The original statement made no distinction between vaginal and anal sex, though all the evidence the writers cited in support of the statement concerned heterosexual transmission, such as the Rakai study, and they have since said that the statement only covered heterosexual transmission.1

The statement had five co-authors, four of them Switzerland’s foremost HIV experts: Professor Pietro Vernazza, of the Cantonal Hospital in St Gallen, and President of the Swiss Federal Commission for HIV/AIDS; Professor Bernard Hirschel from Geneva University Hospital; Dr Enos Bernasconi of the Lugano Regional Hospital; and Dr Markus Flepp, President of the Swiss Federal Office of Public Health’s Sub-committee on the clinical and therapeutic aspects of HIV/AIDS. Significantly, its fifth author was a community activist, François Wasserfallen of the European AIDS Treatment Group, thus ensuring that community ‘buy-in’ for the statement was present from the start.

The headline statement says that “after review of the medical literature and extensive discussion” the Swiss Federal Commission for HIV/AIDS resolves that, “An HIV-infected person on antiretroviral therapy with completely suppressed viraemia ('effective ART') is not sexually infectious, i.e. cannot transmit HIV through sexual contact.”

The Commission states that an HIV-positive person in a stable relationship with an HIV-negative partner, who follows their antiretroviral treatment consistently and as prescribed and who does not have an STI, is "not putting their partner at risk of transmission by sexual contact".

However, they emphasise that, "Couples must understand that adherence will become omnipresent in their relationship when they decide not to use protection, and due to the importance of STIs, rules must be defined for sexual contacts outside of relationship."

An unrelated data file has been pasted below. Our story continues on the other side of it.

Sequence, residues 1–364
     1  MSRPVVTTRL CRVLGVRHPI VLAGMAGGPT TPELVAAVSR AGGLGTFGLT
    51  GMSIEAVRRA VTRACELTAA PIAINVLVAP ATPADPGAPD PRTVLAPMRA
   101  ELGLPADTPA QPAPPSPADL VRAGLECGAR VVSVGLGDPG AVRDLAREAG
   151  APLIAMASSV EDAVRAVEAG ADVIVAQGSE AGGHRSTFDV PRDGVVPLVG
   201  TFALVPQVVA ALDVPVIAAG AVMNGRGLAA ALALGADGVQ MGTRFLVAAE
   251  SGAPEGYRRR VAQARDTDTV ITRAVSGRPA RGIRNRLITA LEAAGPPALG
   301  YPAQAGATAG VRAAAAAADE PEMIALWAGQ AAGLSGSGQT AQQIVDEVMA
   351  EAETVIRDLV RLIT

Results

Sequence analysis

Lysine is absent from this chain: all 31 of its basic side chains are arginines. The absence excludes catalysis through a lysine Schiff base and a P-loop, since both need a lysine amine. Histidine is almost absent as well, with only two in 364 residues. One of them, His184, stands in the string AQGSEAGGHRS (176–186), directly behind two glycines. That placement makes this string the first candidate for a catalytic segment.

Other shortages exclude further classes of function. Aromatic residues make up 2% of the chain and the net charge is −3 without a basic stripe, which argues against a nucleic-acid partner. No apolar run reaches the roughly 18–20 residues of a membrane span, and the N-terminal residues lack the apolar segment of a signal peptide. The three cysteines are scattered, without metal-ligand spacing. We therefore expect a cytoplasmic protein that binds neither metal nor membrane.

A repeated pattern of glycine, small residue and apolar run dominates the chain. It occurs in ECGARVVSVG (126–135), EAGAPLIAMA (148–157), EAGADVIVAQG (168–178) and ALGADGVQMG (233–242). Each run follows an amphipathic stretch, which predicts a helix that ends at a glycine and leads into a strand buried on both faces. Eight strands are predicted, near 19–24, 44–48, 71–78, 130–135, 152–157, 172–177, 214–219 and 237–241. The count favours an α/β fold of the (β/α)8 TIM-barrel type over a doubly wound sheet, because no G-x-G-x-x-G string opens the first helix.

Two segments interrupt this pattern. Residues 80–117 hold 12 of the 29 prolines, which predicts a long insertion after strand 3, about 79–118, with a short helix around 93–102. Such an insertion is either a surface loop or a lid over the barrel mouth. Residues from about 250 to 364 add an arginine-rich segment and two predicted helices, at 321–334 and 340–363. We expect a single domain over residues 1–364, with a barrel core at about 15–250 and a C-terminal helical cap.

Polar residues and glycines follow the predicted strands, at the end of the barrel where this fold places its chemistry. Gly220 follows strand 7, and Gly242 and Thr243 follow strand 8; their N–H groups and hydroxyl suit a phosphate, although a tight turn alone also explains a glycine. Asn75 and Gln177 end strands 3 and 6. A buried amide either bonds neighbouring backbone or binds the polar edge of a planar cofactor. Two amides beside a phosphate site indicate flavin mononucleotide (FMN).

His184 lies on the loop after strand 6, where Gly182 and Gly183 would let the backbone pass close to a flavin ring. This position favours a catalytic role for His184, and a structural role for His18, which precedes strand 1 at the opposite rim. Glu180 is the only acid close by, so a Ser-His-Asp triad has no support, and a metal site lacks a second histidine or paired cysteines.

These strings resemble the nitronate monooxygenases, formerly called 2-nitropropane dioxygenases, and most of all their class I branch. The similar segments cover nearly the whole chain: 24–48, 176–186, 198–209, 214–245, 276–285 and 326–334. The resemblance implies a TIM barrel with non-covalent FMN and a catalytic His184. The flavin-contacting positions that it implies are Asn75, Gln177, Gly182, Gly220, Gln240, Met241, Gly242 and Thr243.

They add that heterosexual women will have to consider eventual interactions between contraceptives and antiretrovirals before considering stopping using condoms. They also say that insemination via sperm washing is no longer indicated when "antiretroviral treatment is efficient."

The Commission goes on to say that it "is not for the time being, considering recommendations that HIV-positive individuals start treatment purely for preventative measures." Aside from the cost involved, they argue, it cannot be certain that HIV-positive people would be sufficiently motivated to follow, and apply to the letter, antiretroviral treatment on a long-term basis without medical indications. They note that poor adherence is likely to facilitate the development of resistance, and that, therefore, antiretroviral therapy as prevention is indicated only in "exceptional circumstances for extremely motivated patients".